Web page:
Two federal lawsuits against appraisal management companies could become weapons for mortgage-backed securities investors seeking to make lenders buy back soured loans.

The Federal Deposit Insurance Corp., in its position as receiver for the failed thrift company Washington Mutual Inc., has charged that eAppraiseIT, a subsidiary of CoreLogic Inc., and LSI Appraisal, a subsidiary of Lender Processing Services Inc., performed sloppy appraisals that led to losses of at least several hundred million dollars at WaMu.

In lawsuits filed in early May, the agency claimed that more than 75% of appraisals performed by the two AMCs contained multiple violations of industry standards.

CoreLogic and LPS have countered that there is no basis for such claims. But no matter how the FDIC cases turn out, experts contend the lawsuits could provide a road map for MBS investors involved in or considering mortgage put-back cases. Establishing a pattern of defective appraisals, they said, can be an effective strategy for lawyers who have been stymied in obtaining loan files.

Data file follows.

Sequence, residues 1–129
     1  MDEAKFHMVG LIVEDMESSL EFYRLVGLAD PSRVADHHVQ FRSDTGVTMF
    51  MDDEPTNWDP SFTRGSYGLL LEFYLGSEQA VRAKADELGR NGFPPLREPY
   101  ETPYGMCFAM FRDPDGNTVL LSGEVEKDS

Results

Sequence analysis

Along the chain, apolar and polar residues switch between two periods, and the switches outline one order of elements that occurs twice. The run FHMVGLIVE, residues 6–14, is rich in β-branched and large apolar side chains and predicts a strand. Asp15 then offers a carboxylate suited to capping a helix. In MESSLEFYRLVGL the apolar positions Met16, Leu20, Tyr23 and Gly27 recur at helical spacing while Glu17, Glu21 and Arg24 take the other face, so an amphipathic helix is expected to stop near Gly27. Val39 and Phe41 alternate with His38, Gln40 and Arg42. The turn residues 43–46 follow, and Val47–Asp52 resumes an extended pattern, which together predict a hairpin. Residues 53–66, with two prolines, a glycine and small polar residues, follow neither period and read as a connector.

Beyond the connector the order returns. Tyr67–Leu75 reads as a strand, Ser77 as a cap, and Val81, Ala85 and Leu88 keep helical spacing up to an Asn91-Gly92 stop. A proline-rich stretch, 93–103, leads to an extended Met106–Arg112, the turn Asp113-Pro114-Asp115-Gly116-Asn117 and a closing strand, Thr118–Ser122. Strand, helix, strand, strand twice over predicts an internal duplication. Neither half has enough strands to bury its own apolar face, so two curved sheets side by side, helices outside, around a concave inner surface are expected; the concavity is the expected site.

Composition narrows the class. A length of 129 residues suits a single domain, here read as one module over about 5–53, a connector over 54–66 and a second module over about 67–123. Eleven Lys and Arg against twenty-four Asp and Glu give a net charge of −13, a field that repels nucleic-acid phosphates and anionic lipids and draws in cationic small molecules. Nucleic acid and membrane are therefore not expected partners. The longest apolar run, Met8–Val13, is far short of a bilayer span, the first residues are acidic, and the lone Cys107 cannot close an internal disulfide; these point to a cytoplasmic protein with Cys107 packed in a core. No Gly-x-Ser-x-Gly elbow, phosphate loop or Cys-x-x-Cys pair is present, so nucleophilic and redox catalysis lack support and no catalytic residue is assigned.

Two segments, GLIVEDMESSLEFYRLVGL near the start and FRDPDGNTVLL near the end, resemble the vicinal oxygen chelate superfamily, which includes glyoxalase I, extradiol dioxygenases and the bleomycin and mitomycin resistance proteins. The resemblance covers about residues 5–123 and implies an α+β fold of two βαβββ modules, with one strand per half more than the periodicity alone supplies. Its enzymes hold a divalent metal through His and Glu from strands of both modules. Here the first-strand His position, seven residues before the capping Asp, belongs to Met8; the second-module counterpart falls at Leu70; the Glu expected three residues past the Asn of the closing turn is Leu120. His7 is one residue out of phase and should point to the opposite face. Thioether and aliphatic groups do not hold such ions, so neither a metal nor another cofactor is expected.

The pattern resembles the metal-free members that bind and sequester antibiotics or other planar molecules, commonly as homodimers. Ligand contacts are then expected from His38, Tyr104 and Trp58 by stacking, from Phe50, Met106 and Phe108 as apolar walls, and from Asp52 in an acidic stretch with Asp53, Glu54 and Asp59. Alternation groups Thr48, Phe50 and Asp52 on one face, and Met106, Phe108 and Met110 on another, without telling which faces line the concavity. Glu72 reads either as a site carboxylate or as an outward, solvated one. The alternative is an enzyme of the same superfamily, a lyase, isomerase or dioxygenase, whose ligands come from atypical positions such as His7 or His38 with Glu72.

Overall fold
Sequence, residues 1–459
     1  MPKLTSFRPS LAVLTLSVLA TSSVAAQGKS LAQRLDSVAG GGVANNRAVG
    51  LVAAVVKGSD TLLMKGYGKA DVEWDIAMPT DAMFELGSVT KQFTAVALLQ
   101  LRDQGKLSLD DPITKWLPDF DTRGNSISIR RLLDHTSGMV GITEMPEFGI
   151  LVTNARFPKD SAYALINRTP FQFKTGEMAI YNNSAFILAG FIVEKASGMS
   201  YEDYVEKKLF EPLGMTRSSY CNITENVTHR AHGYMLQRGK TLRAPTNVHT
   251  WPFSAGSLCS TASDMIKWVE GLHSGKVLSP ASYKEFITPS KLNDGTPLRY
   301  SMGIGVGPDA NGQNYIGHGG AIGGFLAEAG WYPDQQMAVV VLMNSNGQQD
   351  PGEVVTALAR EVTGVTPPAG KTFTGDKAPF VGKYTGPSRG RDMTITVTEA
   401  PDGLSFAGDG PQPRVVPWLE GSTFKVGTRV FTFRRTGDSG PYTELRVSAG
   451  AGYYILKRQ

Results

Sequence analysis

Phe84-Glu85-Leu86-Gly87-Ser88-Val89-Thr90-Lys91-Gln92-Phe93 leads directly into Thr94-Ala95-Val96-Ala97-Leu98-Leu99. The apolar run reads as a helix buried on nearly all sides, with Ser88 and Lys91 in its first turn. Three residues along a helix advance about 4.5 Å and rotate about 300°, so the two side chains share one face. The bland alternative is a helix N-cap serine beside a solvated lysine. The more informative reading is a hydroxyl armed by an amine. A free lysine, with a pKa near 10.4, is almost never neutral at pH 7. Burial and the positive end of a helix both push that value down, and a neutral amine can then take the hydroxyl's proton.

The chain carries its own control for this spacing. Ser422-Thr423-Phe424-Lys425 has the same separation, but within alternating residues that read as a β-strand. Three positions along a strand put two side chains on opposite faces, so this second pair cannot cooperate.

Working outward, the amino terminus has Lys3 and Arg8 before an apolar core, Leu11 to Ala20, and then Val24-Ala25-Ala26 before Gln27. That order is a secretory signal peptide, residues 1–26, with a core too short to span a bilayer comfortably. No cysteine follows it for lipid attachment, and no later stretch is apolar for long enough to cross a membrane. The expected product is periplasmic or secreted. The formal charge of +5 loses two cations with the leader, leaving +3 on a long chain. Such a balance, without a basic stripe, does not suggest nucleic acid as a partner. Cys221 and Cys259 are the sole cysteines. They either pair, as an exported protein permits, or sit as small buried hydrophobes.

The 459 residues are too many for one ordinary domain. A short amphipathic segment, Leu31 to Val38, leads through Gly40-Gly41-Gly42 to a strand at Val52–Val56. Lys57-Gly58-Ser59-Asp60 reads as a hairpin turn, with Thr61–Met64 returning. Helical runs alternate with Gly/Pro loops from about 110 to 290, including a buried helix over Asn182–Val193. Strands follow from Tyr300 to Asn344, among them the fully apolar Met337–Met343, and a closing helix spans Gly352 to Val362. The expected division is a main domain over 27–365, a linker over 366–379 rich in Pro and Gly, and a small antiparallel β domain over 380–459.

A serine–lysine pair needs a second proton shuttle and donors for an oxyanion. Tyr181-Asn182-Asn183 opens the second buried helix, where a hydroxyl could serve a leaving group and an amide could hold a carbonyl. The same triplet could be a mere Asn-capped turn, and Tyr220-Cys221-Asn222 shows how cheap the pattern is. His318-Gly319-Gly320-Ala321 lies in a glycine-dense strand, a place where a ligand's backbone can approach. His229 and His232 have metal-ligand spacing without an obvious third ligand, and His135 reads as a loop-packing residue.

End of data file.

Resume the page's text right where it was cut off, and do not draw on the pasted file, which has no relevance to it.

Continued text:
"Each time the government steps in like this they are going to be providing evidence that can be used by private litigants to bolster their case," said Isaac Gradman, an attorney in California and managing member of IMG Enterprises LLC, an MBS consulting firm.

Locating faulty appraisals can be used as a wedge to get trustees to release loan files, Gradman said. Much of the recent MBS put-back litigation has focused on mortgage servicing violations, which are more tenuous claims for put-back cases than ones involving mortgage origination, he said.

With the FDIC cases, "it is much more direct," Gradman said, "so it is more apples to apples."

Some law firms are already using appraisals as the basis for mortgage put-back claims, said one lawyer, who declined to be identified because he is directly involved in several cases.

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